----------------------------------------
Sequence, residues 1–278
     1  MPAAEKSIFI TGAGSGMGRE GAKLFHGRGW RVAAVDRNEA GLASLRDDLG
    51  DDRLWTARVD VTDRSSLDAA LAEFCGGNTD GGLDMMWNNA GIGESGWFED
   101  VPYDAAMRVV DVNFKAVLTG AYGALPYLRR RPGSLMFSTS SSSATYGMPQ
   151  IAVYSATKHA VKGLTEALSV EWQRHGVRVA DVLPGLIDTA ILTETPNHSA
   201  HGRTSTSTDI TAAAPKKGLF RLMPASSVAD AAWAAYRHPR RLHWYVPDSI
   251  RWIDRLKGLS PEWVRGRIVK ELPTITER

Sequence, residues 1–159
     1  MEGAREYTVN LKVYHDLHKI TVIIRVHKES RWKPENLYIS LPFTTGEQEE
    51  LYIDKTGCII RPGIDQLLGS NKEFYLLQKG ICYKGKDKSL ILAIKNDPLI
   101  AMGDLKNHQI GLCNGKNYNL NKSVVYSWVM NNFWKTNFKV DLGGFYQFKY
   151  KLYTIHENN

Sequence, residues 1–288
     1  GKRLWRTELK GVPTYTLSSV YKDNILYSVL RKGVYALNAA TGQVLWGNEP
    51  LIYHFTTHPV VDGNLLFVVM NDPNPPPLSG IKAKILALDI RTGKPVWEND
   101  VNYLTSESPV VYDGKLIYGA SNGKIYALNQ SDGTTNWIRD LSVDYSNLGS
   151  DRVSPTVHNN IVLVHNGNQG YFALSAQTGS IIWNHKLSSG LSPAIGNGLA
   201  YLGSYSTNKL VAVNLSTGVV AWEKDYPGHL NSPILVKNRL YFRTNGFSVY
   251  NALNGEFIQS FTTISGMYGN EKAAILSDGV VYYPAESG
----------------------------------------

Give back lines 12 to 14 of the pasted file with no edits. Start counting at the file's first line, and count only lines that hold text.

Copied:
   151  KLYTIHENN

Sequence, residues 1–288
     1  GKRLWRTELK GVPTYTLSSV YKDNILYSVL RKGVYALNAA TGQVLWGNEP